Of course a prime focus dish of a e.g. 37 or 80 GHz communication link station would be the best solution because the parabolic shape is much better.
G = -685 * (RMS / Lambda)² ... gain loss due to inaccuracy, RMS ... accuracy of surface

This is my pan/tilt head for my tripod used on top of a tripod. The metal boom of the dish is mounted on the tilt plate.

antenna pan tilt mount

Tilt plate: Fine tuning with knob within 0.1°

antenna pan tilt mount

360° azimuth plate with fine tuning screw: Fine tuning is 0.1° within ±5°;.
I use this azimuth plate for sun noise measurements.

antenna pan tilt mount antenna pan tilt mount

antenna tripod

2. W2IMU dual mode feed horn

hdl_ant software by W1GHZ is a good choice to calculate a dual mode feed horn. It is a circular wave guide with a diameter of 3.1 mm and the aperture is 6.1 mm (depth of 9.7 mm).
With a gain of approx. 12 dBi the -10 dB illumination angle is 75°.

I use 1.55 * wave length diameter to get best match to my F/D = 0.66 offset dish.

76 GHz dual mode horn

76 GHz dual mode horn 76 GHz dual mode horn

I made this horn with my turning lathe.

OE2IGL lathe

Between the rectangular waveguide (wave guide switch) and circular dual mode horn I have inserted a 20 mm long wave guide taper.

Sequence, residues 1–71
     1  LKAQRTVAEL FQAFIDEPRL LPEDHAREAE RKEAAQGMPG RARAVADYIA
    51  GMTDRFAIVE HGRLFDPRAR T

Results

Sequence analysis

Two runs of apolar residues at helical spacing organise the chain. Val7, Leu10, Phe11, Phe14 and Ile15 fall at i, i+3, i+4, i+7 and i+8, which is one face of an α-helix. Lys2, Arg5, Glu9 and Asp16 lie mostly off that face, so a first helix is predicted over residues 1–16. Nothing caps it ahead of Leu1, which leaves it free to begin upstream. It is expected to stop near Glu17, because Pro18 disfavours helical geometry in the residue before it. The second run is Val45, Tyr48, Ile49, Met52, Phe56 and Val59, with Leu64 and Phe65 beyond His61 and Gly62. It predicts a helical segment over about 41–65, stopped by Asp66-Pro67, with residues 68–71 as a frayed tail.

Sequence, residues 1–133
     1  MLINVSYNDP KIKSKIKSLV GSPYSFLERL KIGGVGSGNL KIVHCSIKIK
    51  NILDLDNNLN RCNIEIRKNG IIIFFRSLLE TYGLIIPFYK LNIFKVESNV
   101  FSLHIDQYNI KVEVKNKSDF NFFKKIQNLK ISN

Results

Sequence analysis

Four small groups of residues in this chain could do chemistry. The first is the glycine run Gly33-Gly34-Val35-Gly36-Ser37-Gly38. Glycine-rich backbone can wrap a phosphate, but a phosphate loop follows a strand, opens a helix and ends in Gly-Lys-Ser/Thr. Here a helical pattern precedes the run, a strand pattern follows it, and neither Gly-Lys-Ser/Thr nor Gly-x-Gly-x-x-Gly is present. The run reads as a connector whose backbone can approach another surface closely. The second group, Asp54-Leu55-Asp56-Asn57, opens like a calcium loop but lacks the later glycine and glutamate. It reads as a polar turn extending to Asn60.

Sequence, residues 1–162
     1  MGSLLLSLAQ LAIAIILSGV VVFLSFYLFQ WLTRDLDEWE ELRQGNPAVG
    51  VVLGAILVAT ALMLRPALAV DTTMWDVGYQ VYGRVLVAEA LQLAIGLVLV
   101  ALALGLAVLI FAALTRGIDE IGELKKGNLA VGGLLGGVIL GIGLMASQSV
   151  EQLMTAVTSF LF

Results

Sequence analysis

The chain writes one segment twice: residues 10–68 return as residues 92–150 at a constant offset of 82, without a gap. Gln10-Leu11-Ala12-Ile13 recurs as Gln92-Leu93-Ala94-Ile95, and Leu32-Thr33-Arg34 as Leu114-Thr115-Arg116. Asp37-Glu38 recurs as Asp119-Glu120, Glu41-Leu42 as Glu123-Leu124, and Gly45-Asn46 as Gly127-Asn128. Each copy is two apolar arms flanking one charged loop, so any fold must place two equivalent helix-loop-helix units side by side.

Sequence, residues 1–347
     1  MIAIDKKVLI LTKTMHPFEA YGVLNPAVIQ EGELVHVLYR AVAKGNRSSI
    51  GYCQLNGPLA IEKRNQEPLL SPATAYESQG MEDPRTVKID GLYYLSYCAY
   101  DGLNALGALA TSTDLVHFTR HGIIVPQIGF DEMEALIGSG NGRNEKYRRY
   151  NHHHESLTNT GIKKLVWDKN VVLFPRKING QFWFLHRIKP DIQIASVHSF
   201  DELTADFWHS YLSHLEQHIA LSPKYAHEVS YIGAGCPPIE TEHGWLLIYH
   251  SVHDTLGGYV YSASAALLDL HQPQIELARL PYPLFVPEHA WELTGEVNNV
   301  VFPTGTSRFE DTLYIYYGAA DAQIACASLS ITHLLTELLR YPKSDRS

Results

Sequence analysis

WR-12: 3.1 x 1.55 mm

WR12 taper

76 GHz waveguide switch

76 GHz waveguide switch

3. Wave guide switch

This unit was delevoped by Rudi OE5VRL and Hans OE2JOM. A lift magnet switches between Tx and Rx mode.
RX loss is only 0.3 dB
TX loss is only 0.6 dB

76 GHz waveguide switch

76 GHz waveguide switch

4. Transverter

The transverter is the new 76 GHz generation unit developed by Kuhne Electronics. Thanks to Michael DB6NT and his team for this slim, high performance and state of the art transverter.
Measured Tx power : 320 mW, (270-280 mW after wave guide switch)
Measured Noise figure : 6.3 dB
Current consumption on receive @ 12V DC: 250 mA
Current consumption on transmit @ 12V DC: 830 mA

76 GHz transverter

5. Control interface

This unit was delevoped by Hans OE2JOM, Josef OE2IWM and it comes with the wave guide switch.

76 GHz transverter interface board

6. PLL with 9486 MHz output

A cheap Chinese ADF5355 board controlled by an Adruino with buttons and a display. See Alan Fort F1CJN
With the buttons it is possible to select any frequency between 50 MHz - 13 GHz. As input I use my 10 MHz reference signal (from GPS) but it is possible to use internal reference oscillator.
In my case I need 9486 MHz as output that goes into my transverter unit, output level is -3dBm. After the PLL I connected a homemade 10 GHz amplifier to get approx. 8 dBm output.
Another solution is to build in directly a MMCI amplifier (MGA-86576 or NLB310) between C14 and RFB port.

13 GHz PLL

9486 MHzPLL

I have done some improvements:
- removed C21, C37 and placed these 2 capacitors between pin2 and 4 of both voltage regulators
- placed 3300µF/6.3V between J1 and ground to reduce phase noise
- placed a SNA-176 MMIC amplifier in front of port B (5V goes to 27 Ohm, after that a 1 nF against ground, after resitor a 10 nH to amplifier output, 2.4 pF blocking capacitor in front of port B) to get approx. 8 dBm output level.

13 GHz PLL

Now there is a Arduino Pro-Mini 3.3V/8MHz under the synthesizer board. Between both boards there is plastic foil.